August 27, 2015 By: Alison McEwen
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It has been a busy summer for unions, with a couple of lockouts in the Ottawa area alone. Any time there is a disruption that will affect the public, there is a pivotal element that must not be forgotten: the PR of picketing. Unions often get really concerned with the logistics of picketing: where can they picket? How many people? How long? Can they disrupt the work of the employer in any way? How much? Many a picket protocol and injunction are fought on the basis of these issues. And rightfully so. Picketing is a constitutionally protected right, and an integral part of any labour dispute.

But there is more to picketing than the right to be there with a certain number of people. We must go back to the fundamental basis of picketing: Why do unions picket? To get their message across. And while the medium (who, where, and how) of that message are important, it is the message itself that is the most important. And sometimes it gets lost in the arguments about logistics.

Almost every work stoppage, whether a strike or a lockout, causes some inconvenience to the public. And it is in those initial moments, when the public is first inconvenienced and they want to know why, that the PR battle is fought. Once work stoppage has been going on for a week, it is old news and the public is just irritated. That is not the time to try and tell the public about why you are inconveniencing them. It is too late.

Employers, particularly large and sophisticated employers (read: the type who are likely to lock out their employees) often have sophisticated marketing and PR teams. They know the importance of getting the message out there, soothing the public, and making it look like the other side is the bad guy. They are used to branding, and understand how to make almost all of their actions seem reasonable to the public. They will use the bad economy to paint a “poor employer just trying to get by” picture, and fall back on the cliché of greedy unions demanding so much while many don’t even have a job. Without saying the words “those union members should stop complaining and just feel lucky to have a job”, they will plant that idea in the minds of the public, and make the demands of the union seem frivolous and, even worse, gluttonous.

This is why it is so important for unions to get their message out there and early in the process. It is important for them to emphasize that union members are just people, and they are trying to get by, just like everyone else. Explain to the public why the employer’s offer was archaic. Make people realize that in the union’s position they, too, would have told the employer to take a hike. If you are locked out, emphasize that: You are not on strike (or, if you are, you would prefer not to be), you want to work. Make it a message that is comprehensible and digestible for the public. Remember, the details and these issues are clear to you as you have been bargaining about them for months. The public has not been living and breathing these issues, so the intricacies are usually lost on them. Make it a message that is manageable, and that strikes home with people.

It is also important to think about how to get the message out beyond picketing. Picketing is important, don’t get me wrong, but we live in a digital age. PR battles are now fought on Facebook, Twitter and on YouTube. Things can go viral quickly. So in those initial moments, use that power. Have a statement and have your friends share it on their accounts. Remember – or learn – that we live in an age where video is what goes viral. See if other unions will post your material or send it to their members. Get something to your local media, and see if they will post it. This can be done quickly using only a laptop, and if you get the head start in the public PR campaign, this only increases the pressure on the employer. You get your position and message out there, and you can be the reasonable party. You are David to their Goliath. No employer likes to look like a Walmart.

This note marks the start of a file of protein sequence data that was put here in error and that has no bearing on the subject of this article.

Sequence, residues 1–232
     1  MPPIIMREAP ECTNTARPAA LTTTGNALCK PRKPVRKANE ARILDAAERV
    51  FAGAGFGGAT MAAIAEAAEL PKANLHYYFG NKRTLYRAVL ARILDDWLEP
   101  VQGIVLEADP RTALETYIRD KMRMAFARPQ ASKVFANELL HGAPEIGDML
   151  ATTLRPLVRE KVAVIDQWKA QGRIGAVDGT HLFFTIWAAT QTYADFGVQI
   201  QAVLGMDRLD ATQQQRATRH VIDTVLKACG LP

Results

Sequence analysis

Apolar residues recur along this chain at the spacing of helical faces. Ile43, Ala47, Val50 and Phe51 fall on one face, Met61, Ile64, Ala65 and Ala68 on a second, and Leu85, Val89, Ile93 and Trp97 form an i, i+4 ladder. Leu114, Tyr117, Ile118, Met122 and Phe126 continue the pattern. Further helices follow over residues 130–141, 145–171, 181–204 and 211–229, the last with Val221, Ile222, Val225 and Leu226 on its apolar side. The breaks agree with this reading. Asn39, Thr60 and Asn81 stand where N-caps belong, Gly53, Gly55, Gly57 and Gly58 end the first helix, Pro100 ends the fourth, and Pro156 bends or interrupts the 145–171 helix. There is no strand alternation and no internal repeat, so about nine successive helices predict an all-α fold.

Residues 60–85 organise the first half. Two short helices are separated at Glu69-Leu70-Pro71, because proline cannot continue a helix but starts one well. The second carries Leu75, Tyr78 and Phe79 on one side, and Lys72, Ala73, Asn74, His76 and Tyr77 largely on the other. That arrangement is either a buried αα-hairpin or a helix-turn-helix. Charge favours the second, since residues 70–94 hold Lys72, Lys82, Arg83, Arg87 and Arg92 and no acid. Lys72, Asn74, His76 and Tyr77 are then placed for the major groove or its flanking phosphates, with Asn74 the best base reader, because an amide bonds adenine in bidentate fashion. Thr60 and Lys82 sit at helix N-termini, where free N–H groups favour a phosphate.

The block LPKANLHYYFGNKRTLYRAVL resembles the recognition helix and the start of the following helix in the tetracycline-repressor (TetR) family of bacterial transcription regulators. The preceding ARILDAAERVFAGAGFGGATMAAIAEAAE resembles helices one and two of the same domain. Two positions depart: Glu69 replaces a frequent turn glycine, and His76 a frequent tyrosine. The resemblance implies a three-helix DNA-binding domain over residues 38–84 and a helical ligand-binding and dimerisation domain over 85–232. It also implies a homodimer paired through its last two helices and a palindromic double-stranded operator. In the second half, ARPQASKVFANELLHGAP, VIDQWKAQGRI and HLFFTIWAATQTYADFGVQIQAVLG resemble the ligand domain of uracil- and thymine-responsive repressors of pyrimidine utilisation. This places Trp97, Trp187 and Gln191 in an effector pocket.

Speaking of things going viral, it is important to remember that negative press is just as powerful as positive press. That video of union members throwing golf balls at the CEO’s car (even if he deserves it) may not endear you to the public. It is worse if some innocent member of the public is caught in the crossfire. That is a quick score for the employer: look at these union members being totally irrational and unreasonable! How can we bargain with them?!? The advice I always give to my union clients: if you would be embarrassed to later look a judge in the eye and tell the story or repeat what you said, then DON’T DO IT. I know it feels great in the moment, but there is a bigger picture here and we have to keep our eye on the prize and stay classy.

Lastly, we think of the PR war in times of crisis, but unions can always garner goodwill from the public leading up to an issue. As much as you are able to, keep the public informed on the progress of bargaining, and start to position yourself early. Plant the seed with the public that your demands aren’t frivolous and greedy; you are just trying to help your members get by, same as them. If you start early, you are starting with an advantage that can be solidified with quick and effective messaging at the beginning of a work stoppage.

So let’s remember the importance of good PR and use that power to our advantage. Public pressure on an employer can be one of the most powerful tools you have in a work stoppage. But to get that public pressure, you have to get the public on your side.

This content is not intended to provide legal advice or opinion as neither can be given without reference to specific events and situations. © 2017 Nelligan O’Brien Payne LLP.

Service: Labour Law